Principal's Assembly 9th March 2021

For the last year, we have been told regularly that the Government is “following the science”. 12 months ago, very few of us would have heard of Professor Chris Whitty, the Government’s Chief Medical Officer and somewhat fortuitously an epidemiologist by trade, or his deputy, Professor Jonathan Van Tam, now known affectionately as JVT.

Few of us would have known of Sir Patrick Vallance, the Government’s Chief Scientific Adviser, or Simon Stevens, Chief Executive of the NHS. Fewer still of Dr Susan Hopkins, the Public Health England expert on infectious diseases.

PHE is just one of several acronyms that we’ve all become familiar with. SAGE is the Scientific Advisory Group for Emergencies, active in advising the politicians since this crisis began. SAGE also uses advice generated by the New and Emerging Respiratory Virus Threats Advisory Group (NERVTAG), which is an existing group that advises the government on the threat posed by new and emerging respiratory viruses.

COBRA, the Government’s emergency committee, stands rather disappointingly for Cabinet Office Briefing Room A. Even COVID-19 itself is an acronym: Coronavirus Disease 2019 (the first year it was identified).

Less familiar, perhaps, will be the name Dr Sarah Gilbert. A vaccinologist based at the University of Oxford and someone who loathes the media spotlight, Dr Gilbert has been working for many years to find solutions for diseases as fatal as Ebola in West Africa and other types of coronavirus.

Born in Northamptonshire in 1962, the daughter of an English teacher, Dr Gilbert had a passion for both music – she is an accomplished saxophonist – and sciences. She graduated from the University of East Anglia with a degree in biological sciences, eventually setting up her own research group to create a universal flu vaccine - that means coming up with a jab which would be effective against all the different strains.

As soon as this pandemic broke, her team – and she would emphasise that it is a team effort – set out to find a vaccine for Covid as quickly as possible. Other companies – Pfizer and Moderna, for example – have achieved the same goal, but the Oxford vaccine has the advantage of being stored in normal fridges, making it easier to distribute.

Without the benefit of time, it’s hard to say exactly where this vaccine - made from a weakened version of a common cold virus from chimpanzees – will rank in terms of historical scientific achievements. How speedily it was developed will certainly be a noted feature, but perhaps I should leave this as a challenge to our A Level scientists to come back to me with greater achievements in medical sciences.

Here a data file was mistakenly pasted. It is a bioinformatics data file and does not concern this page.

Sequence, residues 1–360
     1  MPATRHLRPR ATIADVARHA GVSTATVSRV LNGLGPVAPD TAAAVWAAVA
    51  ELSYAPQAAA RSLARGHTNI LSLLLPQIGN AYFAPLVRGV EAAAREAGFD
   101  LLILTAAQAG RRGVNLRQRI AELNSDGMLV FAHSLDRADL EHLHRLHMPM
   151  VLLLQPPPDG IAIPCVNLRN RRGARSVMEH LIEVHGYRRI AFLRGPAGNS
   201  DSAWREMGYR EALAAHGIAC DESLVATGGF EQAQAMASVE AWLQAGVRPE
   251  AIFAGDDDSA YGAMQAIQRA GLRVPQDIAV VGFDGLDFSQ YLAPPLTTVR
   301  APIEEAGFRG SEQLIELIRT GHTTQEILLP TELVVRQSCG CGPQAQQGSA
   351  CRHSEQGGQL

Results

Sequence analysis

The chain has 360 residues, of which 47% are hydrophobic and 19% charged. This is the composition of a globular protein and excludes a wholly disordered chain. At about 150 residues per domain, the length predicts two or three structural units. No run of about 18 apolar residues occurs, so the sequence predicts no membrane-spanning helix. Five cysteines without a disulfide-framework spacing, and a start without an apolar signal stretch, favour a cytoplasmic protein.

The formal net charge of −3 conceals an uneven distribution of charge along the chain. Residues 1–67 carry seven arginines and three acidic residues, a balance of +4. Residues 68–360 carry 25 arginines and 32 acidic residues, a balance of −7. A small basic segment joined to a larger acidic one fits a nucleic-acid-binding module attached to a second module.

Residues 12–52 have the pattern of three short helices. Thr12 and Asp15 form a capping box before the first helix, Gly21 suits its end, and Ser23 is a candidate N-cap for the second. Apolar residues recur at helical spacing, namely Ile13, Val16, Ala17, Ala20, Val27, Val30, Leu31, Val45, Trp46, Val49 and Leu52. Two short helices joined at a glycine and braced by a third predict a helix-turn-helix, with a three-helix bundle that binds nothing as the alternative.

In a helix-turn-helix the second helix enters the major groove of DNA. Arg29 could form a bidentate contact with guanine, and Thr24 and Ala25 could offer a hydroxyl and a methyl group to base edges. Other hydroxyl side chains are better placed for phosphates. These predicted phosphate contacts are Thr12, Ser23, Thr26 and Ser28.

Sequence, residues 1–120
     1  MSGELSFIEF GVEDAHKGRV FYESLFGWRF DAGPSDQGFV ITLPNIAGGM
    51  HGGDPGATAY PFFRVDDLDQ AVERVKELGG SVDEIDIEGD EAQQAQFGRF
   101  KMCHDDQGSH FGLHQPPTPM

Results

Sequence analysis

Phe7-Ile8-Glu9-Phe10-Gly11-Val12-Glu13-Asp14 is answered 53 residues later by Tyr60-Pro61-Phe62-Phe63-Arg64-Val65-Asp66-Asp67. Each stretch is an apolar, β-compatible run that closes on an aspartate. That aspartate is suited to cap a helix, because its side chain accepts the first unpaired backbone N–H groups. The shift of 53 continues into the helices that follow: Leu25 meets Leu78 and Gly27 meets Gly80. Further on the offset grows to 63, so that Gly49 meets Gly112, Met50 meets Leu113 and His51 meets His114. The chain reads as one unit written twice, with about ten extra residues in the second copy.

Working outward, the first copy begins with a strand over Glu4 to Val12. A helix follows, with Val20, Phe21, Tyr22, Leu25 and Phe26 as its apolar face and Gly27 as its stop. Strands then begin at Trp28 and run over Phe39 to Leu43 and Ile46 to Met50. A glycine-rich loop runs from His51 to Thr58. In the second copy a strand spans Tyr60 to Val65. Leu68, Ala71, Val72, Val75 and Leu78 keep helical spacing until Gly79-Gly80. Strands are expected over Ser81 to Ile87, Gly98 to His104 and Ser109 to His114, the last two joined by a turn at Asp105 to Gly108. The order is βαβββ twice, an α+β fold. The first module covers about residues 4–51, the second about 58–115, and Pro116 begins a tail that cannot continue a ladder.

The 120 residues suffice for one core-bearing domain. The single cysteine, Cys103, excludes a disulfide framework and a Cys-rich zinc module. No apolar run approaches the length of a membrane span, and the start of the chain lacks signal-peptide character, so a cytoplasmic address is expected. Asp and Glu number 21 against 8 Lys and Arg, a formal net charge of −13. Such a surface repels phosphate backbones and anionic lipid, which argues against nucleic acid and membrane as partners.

The presence of these great scientists either in press briefings or university labs has been one reassuring feature of the last 12 difficult months. Not all of the Government advice has felt logical. Unlike scientists, politicians have other priorities to weigh up, including political, economic and, especially relevant to us, educational and psychological. As has become clear, when you mix science and politics, you get politics.

One piece of advice, however, that has resonated with me is this idea that we should continue to behave as if we might have the virus. The vaccine will start to provide our families, especially our elderly or vulnerable relatives, with more confidence. The lateral flow tests – and I am so pleased that you consented to be tested – mean that we can feel safer as a community.

However, we know that the tests are not perfect. Whilst false positives are very rare, false negatives are not. In other words, you may have received a negative and you may have no symptoms, but it is still possible that you have the virus and may be transmitting it.

This is why we have maintained other controls against transmission – including bubbles and regular hand sanitising – and introduced others like face coverings inside classrooms as well as corridors until Easter. Like consenting for the test, this is a measure that will help to protect you, your friends and your teachers. Do your best not to touch each other – don’t let the test result give you false confidence.

If you think about it, following these rules at school will also prevent you from spreading the virus around your families too. If we follow the science carefully, we will get back to more normal conditions even quicker.

Like all my colleagues, I am delighted to see you all back at school this week. Work hard, look after yourself, your friends and your teachers, and, most of all, enjoy being back in our wonderful community.

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